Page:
For years Azaleas have had the reputation of being a hard grow plant, and many years ago they probably were. With the abundance of information available to us today allowing us to have access to the latest growing techniques for any plant we want to grow, we tend to forget that our great- grandsparents, and even our grandsparents often had to learn their growing techniques by trial and error, and a lot of plants that had particular soil, light, or food requirements were more often than not, put into the difficult or hard to grow category. That reputation has unfortunately stuck with them over the years.
Azaleas are not hard to grow. As with a lot of other plants there are a few rules that must be followed to create the right growing conditions, but once established azaleas are very easy to look after.
Azaleas come in a wide range of colors, white, pink, red, purple, orange and yellows, as well as many multi-colors. There's single and double flower varieties, there are varieties with tiny insignificant flowers but popular because of their deeply colored leaves. All of them are beautiful plants worthy of a place in any garden, but the single flower varieties are the hardiest and more suited to sunny positions, but they do have a more limited color range than the doubles.
The first thing to do is decide where in your garden you want to grow your azalea plants. If you are planting into the ground, try to find areas on the South and East side of your home, where they will be more protected from very hot sun. When selecting the areas keep in mind that the single flower azaleas are more sun tolerant, but still need to be protected from the very hot sun, and doubles will always need to have moderate shade.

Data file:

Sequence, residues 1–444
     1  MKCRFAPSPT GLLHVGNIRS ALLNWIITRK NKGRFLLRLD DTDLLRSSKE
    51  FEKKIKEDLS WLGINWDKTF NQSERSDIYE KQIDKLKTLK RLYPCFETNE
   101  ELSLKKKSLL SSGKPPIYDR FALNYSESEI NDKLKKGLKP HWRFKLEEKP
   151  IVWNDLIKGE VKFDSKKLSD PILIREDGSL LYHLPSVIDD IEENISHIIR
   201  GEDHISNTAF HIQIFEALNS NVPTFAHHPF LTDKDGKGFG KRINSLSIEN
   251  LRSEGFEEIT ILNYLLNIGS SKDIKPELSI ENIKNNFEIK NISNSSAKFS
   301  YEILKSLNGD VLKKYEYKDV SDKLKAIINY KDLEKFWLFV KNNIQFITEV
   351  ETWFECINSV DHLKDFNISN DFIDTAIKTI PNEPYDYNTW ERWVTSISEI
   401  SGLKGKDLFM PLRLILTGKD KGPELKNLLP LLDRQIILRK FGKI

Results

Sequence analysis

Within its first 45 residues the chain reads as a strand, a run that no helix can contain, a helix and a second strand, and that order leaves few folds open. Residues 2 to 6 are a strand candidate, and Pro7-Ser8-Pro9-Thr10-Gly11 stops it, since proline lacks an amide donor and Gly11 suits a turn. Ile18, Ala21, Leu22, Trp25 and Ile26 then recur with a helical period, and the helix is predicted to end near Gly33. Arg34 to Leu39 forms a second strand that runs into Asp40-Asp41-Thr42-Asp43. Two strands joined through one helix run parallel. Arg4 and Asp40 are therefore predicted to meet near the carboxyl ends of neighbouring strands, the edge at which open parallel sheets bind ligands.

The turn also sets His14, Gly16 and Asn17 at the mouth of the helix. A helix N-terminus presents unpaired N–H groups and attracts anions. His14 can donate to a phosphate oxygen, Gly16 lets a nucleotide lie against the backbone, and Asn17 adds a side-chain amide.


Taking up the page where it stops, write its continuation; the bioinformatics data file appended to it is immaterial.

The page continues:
Azaleas will not tolerate alkaline soil and prefer a rich acid soil with a PH level from 5-6. PH test your soil, if you live in an area where the soil is naturally high alkaline, then you may need to consider growing your plants in tubs or pots. PH testers can be purchased from nurseries and hardware stores, they're inexpensive but a valuable tool to have.
Once you've decided where you're going to plant your azaleas, and you know the PH of the soil, the next important step is to dig the area over really well, you need to add plenty of peat moss, leaf mould or other organic matter like well rotted cow manure to increase the soil acidity as well as to increase the moisture holding capacity of the soil.
The roots of azaleas need to be kept cool and moist, but not wet, which means you'll need to ensure that the soil drain in the area you've chosen, is very good. In heavy soil it's a good idea to dig in plenty of Gypsum or a good clay breaker, although a safer alternative is to build raised beds and …